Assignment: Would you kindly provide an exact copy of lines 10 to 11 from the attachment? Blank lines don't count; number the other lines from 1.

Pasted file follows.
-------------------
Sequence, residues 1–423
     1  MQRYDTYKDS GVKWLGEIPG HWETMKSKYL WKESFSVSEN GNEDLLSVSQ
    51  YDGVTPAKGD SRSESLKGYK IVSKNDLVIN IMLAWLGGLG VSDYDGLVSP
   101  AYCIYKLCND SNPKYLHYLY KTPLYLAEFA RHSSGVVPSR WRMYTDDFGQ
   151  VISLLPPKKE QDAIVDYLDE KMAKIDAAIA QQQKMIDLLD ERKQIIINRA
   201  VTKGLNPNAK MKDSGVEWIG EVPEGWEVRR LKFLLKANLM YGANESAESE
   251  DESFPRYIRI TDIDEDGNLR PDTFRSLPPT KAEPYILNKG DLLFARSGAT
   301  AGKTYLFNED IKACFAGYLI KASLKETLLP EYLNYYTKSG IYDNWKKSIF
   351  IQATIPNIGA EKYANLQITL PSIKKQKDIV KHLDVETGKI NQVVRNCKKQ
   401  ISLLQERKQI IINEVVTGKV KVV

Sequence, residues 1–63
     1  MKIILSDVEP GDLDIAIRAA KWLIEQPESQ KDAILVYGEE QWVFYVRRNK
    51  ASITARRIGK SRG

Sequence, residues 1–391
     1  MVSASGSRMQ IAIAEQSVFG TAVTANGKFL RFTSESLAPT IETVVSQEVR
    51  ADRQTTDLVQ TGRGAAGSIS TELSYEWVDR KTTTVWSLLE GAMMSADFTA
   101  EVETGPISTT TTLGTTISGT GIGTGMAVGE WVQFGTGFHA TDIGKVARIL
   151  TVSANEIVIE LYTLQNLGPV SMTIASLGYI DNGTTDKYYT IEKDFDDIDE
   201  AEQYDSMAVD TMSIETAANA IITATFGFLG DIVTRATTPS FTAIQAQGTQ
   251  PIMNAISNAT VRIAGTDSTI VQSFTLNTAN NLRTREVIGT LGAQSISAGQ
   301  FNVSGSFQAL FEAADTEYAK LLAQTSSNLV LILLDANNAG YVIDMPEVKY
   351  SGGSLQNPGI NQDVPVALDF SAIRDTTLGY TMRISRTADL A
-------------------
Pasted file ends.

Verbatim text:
   401  ISLLQERKQI IINEVVTGKV KVV

Sequence, residues 1–63